VBA Code: Change Embedded Videos to Linked?

Created: Friday, November 16, 2012, posted by at 4:15 am

No Longer Working?

This code no longer works in PowerPoint and is retained for archival reasons.

Have you created a huge monster PowerPoint file that’s hundreds of megabytes in size or even a gigabyte? The culprit may be any videos you have inserted on your slides! In years gone by, we always recommended that users place their videos (or any other media or linked files) in the same folder as their PowerPoint presentations so that the links to video files worked when you moved the presentation to another computer. You could then just copy the entire folder to another computer!

VBA Code: Change Embedded Videos to Linked?

PowerPoint 2010 changed everything! Rather than linking videos, the default option was now to embed the videos as part of your PowerPoint file. And that’s how it has been for subsequent releases of PowerPoint, including versions 2011 and 2016 on Mac, and versions 2013 and 2016 on Windows.

Undeniably, this had its share of advantages: there are no more missing videos, and you no longer need to create a folder to manage all your media files. Yes, that’s less housekeeping for you to do, but housekeeping does have its own share of benefits. For one, you don’t end up with huge monster files!

Ideally, you can just delete all the video files and then insert them again. This time, you can opt to link files rather than embedding them. To do that, click the down arrow next to the Insert button, and you’ll find an option to link rather than embed. Yes, we know that’s not too obvious!

Link, rather than insert media files

But what if you did not want to re-insert videos all over again? Then just copy all the videos to the same folder as your PowerPoint file, and then run this EmbeddedMoviesToLinkedMovies VBA snippet, graciously coded by Steve Rindsberg of PowerPoint FAQ. Thanks to Steve for allowing us to reproduce this code here. Steve adds that it’s best that you do this only with a copy of your original file.

First you need to know how you can run VBA scripts in PowerPoint. Then use this code. Explore the code a bit though since Steve has put in some helpful comments so that you can edit some values as required. Most importantly, be sure to edit the path as directed in the comments, else this code won’t work.

You can actually create a blank, new presentation and insert this code into the VBA editor. To learn how you bring up the VBA editor and add code, look at our VBA scripts in PowerPoint tutorial. Yes, it’s not necessary that this code is placed in the same presentation as your embedded videos; all you need to do is make sure that both presentations (the presentation with this code, and the presentation with the video clips) are open at the same time.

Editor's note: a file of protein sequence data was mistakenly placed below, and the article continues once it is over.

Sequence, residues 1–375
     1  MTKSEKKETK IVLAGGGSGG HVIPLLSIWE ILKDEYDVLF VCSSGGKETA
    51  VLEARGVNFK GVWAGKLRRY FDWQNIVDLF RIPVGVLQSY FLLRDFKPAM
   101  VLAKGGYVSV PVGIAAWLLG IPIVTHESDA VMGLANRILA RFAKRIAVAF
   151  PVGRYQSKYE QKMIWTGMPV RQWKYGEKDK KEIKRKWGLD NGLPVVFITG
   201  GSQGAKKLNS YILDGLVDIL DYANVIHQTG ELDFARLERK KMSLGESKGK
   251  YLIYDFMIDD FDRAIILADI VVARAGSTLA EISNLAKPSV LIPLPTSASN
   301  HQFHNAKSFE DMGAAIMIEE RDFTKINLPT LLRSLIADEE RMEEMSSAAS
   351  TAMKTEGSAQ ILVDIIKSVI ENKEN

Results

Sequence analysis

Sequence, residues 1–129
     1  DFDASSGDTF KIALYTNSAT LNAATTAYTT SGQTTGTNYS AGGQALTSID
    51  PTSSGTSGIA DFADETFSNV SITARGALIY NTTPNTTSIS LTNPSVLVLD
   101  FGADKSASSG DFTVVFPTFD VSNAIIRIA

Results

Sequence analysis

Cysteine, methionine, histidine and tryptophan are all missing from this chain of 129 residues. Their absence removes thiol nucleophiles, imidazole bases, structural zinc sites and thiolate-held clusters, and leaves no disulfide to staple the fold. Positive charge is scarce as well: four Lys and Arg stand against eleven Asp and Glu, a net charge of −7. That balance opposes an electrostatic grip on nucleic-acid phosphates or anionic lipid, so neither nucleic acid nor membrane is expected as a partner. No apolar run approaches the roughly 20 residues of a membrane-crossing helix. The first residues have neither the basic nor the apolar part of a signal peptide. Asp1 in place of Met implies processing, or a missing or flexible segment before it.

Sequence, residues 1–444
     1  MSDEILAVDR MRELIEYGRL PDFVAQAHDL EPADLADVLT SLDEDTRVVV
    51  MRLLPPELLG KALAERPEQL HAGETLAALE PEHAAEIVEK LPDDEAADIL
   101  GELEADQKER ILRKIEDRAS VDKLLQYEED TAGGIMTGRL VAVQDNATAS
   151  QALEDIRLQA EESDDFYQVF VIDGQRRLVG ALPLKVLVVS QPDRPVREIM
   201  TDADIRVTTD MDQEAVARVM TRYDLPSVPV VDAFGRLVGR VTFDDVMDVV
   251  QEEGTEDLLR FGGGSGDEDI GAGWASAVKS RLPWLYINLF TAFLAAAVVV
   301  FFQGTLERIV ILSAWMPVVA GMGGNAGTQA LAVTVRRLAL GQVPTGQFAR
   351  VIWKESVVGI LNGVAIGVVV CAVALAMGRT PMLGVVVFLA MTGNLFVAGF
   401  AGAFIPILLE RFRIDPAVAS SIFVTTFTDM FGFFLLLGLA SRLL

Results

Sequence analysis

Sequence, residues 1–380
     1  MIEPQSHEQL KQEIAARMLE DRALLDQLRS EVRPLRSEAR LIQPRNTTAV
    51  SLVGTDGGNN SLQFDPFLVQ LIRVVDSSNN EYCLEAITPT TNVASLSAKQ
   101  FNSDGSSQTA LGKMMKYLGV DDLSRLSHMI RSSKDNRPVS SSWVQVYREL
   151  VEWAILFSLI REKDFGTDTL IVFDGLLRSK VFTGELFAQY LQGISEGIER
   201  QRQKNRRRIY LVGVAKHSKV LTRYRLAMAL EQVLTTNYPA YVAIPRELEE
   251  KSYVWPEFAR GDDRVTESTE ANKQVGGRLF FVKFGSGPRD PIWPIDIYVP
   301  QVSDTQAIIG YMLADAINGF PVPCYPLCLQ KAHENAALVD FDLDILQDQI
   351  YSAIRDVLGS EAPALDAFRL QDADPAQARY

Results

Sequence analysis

Sub EmbeddedMoviesToLinkedMovies()
Dim oSl As Slide
Dim oSh As Shape
Dim x As Long
Dim sPath As String
' Edit this to the path where vids are stored,
' path must end in backslash
sPath = "C:StuffMovieStuffThisProjectsMovieStuff"
For Each oSl In ActivePresentation.Slides
    For x = oSl.Shapes.Count To 1 Step -1
        Set oSh = oSl.Shapes(x)
        If oSh.Type = msoMedia Then
            If oSh.MediaType = ppMediaTypeMovie Then
                If oSh.MediaFormat.IsEmbedded Then
                    Debug.Print oSh.Name
                    Call ConvertToLinked(oSh, sPath)
                End If
            End If
        End If
    Next    ' Shape
Next    ' Slide
End Sub
Sub ConvertToLinked(oSh As Shape, sPath As String)
Dim oSl As Slide
Dim oNewVid As Shape
Dim x As Long
Dim lZOrder As Long
Set oSl = oSh.Parent
lZOrder = oSh.ZOrderPosition
Set oNewVid = oSl.Shapes.AddMediaObject2(sPath & oSh.Name, msoTrue, msoFalse, _
    oSh.Left, oSh.Top, oSh.Width, oSh.Height)
Do Until oNewVid.ZOrderPosition = lZOrder
    oNewVid.ZOrder (msoSendBackward)
End Sub

Once you have placed this code in the VBA editor, close the window to get back to your PowerPoint window. Before you proceed further, it’s a great idea to save your file — be sure to save as a PowerPoint Macro-Enabled Presentation with the PPTM file extension. If you save as any of the other file formats, PowerPoint will offer to remove the macros, and then, of course, the code to change embedded videos to linked will not work! See our PowerPoint File Formats page to learn about these file formats.

Then open or switch to the presentation with the embedded videos and run the macro. To do so, press the Alt + F8 shortcut key. In the Macro dialog box that appears, next to Macro in: choose All open presentations, as shown in the figure below. Click the EmbeddedMoviesToLinkedMovies Macro name, and then click the Run button.

Look for a macro in all open presentations

Thank you so much, Steve.

We tested this code using PowerPoint 2010 for Windows. Also, we have not checked this on PowerPoint 2011 for Mac. If you do, and it does work or not, then we request you leave a comment below this post and share your thoughts. Of course, you should share your thoughts even if you are a Windows user.

Steve RindsbergSteve Rindsberg has been associated with PowerPoint since the product originated more than two decades ago. His PowerPoint FAQ site is a treasure trove of PowerPoint information.

When he’s not updating his site, he’s working on his popular PPTools add-ins for PowerPoint. Steve’s also into a lot of print technology-related stuff.

You May Also Like: Use VBA in PowerPoint, Even if You Can’t Program for Nuts | Create Spirographs in PowerPoint Programmatically | Resources on PowerPoint Programming and VBA

The views and opinions expressed in this blog post or content are those of the authors or the interviewees and do not necessarily reflect the official policy or position of any other agency, organization, employer, or company.

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